Written by: Xuân Phi, 19/07/2021
Supported by: Ex-BC Examiner, 20/07/2021
Question: Large companies use sports events to promote their products. Some people think it has a negative impact on sports. To what extent do you agree or disagree?
(IELTS Academic – 17/07/2021)
The discourse regarding the impact of product advertising in sporting events has generated controversy in recent years. Some argue that corporations exert a positive influence on sports since they promote products that can encourage participation in sports. In my estimation, I do not agree with this sentiment since corporations promote products that enable a sedentary lifestyle.
Admittedly, corporations can use these events to promote products that will encourage active lifestyles. To cite an example, during the 2014 World Cup, Adidas released the official tournament ball named ‘Brazuca’ and heavily promoted it on their social media accounts including Twitter and Instagram. The company made a concerted marketing effort to advertise the ball’s design, aerodynamics and production process. The marketing push behind ‘Brazuca’ during the 2014 World Cup actively encouraged viewers to buy the ball and it sold out in Adidas stores worldwide. This encouraged and continues to exert an influence on the exercise habits of millions around the world. This instance clearly illustrates the positive influence corporations can exert when promoting their products during sports events.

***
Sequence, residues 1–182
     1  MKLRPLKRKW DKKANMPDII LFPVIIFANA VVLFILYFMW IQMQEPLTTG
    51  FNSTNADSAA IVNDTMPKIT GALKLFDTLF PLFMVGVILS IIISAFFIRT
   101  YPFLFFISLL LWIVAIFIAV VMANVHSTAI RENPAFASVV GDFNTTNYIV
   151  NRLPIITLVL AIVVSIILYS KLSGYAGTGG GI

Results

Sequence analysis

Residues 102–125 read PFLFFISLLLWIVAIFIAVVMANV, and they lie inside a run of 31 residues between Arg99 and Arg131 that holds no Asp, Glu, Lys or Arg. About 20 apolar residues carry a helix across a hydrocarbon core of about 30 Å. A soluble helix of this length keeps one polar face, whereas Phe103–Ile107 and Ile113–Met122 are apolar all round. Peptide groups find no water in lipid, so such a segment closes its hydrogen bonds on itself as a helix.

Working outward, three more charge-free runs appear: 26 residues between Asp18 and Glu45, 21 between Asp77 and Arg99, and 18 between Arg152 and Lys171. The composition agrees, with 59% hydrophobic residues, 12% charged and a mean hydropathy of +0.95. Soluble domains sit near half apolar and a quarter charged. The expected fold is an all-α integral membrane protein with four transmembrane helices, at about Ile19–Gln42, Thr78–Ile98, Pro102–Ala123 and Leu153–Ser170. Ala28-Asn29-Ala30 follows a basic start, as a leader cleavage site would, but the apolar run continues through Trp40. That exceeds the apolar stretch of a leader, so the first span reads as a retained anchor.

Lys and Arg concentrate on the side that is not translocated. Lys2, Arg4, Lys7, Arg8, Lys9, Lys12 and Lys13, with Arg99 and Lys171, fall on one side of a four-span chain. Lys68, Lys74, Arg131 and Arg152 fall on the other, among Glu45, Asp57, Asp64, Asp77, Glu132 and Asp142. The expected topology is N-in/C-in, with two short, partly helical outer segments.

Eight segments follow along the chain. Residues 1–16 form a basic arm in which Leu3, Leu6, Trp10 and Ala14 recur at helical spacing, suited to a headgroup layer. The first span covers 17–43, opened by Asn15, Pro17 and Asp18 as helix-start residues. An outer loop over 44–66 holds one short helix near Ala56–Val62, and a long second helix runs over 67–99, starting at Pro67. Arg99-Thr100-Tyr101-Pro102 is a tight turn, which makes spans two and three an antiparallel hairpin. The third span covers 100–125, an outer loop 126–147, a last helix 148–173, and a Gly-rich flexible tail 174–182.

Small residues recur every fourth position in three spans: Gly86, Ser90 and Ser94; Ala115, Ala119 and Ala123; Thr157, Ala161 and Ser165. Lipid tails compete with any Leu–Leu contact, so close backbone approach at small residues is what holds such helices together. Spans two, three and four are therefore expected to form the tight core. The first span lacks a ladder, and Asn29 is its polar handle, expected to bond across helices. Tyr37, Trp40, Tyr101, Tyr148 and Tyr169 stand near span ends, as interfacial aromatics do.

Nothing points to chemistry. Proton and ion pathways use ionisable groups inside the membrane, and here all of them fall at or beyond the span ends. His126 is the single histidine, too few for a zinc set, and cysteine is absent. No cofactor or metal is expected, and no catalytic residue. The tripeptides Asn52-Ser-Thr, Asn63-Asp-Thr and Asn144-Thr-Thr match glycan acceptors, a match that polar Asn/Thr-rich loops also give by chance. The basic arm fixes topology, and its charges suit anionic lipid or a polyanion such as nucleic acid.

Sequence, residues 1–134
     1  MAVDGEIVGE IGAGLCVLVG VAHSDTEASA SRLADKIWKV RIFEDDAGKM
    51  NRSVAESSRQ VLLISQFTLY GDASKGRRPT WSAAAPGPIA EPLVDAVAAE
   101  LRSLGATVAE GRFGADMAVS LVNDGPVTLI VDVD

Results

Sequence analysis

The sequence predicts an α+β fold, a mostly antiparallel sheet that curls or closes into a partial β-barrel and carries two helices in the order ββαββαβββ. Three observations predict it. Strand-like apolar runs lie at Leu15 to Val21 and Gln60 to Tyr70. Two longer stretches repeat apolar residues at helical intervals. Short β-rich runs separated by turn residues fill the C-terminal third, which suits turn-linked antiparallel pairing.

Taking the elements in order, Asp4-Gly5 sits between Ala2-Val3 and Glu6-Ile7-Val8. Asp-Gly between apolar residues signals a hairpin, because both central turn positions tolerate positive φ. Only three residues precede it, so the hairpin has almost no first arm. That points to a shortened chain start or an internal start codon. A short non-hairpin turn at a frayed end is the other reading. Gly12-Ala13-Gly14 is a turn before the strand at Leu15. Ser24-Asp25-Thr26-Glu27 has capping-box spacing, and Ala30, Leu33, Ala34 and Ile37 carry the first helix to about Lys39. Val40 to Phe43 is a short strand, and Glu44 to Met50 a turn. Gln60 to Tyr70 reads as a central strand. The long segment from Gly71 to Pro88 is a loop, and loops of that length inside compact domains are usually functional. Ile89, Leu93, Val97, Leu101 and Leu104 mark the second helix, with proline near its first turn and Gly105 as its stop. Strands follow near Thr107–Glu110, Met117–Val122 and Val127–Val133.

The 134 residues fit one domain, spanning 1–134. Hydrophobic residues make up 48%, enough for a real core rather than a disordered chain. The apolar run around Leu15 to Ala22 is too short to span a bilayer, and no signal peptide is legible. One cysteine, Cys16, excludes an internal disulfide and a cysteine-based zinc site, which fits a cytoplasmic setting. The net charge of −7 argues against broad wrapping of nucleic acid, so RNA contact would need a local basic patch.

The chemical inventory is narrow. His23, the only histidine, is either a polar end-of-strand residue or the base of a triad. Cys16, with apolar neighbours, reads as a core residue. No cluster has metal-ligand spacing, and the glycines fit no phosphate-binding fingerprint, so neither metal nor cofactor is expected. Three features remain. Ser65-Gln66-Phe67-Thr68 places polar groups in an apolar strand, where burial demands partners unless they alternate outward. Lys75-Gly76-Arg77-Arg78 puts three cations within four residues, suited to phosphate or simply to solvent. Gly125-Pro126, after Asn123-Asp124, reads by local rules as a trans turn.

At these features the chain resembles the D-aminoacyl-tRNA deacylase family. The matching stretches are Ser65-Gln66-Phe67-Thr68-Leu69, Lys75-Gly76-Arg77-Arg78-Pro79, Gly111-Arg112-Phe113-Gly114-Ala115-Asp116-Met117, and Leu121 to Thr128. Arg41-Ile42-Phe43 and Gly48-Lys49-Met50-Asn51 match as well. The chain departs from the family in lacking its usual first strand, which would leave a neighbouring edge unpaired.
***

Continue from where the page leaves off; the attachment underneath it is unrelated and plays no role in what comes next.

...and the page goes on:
However, corporations have more often been known to promote products during sports that precipitate passive lifestyles. For instance, McDonald’s was the official restaurant of the 2012 Olympics in London. During the event, they released an exclusively branded menu that included burgers, fries and milkshakes. According to a spokesman for the Academy of Royal Medical Colleges, the menu was recklessly unhealthy as the average calorie count for each item was over 900. When combined together to make a meal, the calorie count reached upwards to 3600, which is nearly twice the recommended intake for the average adult. Essentially, McDonald’s was promoting obesity in countries such as England where such a lifestyle is becoming more prevalent and represents a present danger to public health.
In conclusion, while there have been instances of corporations having a positive influence on sports through the promotion of their products, the evidence to the contrary is more substantial. In the future, sporting event organizers should be more discriminatory in choosing sponsors, preferring preferably those with products that spread a meaningful message.
Word count: 349
|Discourse||Cuộc thảo luận mang tính|
|Controversy||Cuộc tranh cãi (một vấn đề nào đó)|
|Sedentary lifestyle||Lối sống ít vận động|
|Concerted effort||Sự nỗ lực chung|
|Aerodynamics||Khí động học|
|Passive lifestyle||Lối sống không vững vàng dễ bị kiểm soát|
|Obtrusive||Gây khó chịu|
|City billboard||Bảng quảng cáo của thành phố|
|Amateur circuit||Giải đấu cho các tuyển thủ nghiệp dư|
|Football jersey||Áo của đội tuyển bóng đá|